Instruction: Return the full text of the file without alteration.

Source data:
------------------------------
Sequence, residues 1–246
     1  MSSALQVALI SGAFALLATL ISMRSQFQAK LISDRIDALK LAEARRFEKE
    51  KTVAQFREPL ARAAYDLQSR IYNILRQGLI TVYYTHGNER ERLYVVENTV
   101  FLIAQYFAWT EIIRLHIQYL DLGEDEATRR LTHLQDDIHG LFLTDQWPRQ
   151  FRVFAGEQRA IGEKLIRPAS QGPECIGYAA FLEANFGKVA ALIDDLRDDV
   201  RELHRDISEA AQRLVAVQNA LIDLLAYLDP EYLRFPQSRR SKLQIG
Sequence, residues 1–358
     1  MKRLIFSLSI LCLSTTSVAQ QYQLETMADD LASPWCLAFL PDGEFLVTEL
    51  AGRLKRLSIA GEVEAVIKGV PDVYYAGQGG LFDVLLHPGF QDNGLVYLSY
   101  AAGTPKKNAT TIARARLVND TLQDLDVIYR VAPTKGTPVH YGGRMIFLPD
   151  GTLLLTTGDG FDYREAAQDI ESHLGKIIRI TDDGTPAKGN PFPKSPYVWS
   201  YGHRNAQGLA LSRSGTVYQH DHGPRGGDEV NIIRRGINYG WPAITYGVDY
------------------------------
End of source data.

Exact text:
Sequence, residues 1–246
     1  MSSALQVALI SGAFALLATL ISMRSQFQAK LISDRIDALK LAEARRFEKE
    51  KTVAQFREPL ARAAYDLQSR IYNILRQGLI TVYYTHGNER ERLYVVENTV
   101  FLIAQYFAWT EIIRLHIQYL DLGEDEATRR LTHLQDDIHG LFLTDQWPRQ
   151  FRVFAGEQRA IGEKLIRPAS QGPECIGYAA FLEANFGKVA ALIDDLRDDV
   201  RELHRDISEA AQRLVAVQNA LIDLLAYLDP EYLRFPQSRR SKLQIG
Sequence, residues 1–358
     1  MKRLIFSLSI LCLSTTSVAQ QYQLETMADD LASPWCLAFL PDGEFLVTEL
    51  AGRLKRLSIA GEVEAVIKGV PDVYYAGQGG LFDVLLHPGF QDNGLVYLSY
   101  AAGTPKKNAT TIARARLVND TLQDLDVIYR VAPTKGTPVH YGGRMIFLPD
   151  GTLLLTTGDG FDYREAAQDI ESHLGKIIRI TDDGTPAKGN PFPKSPYVWS
   201  YGHRNAQGLA LSRSGTVYQH DHGPRGGDEV NIIRRGINYG WPAITYGVDY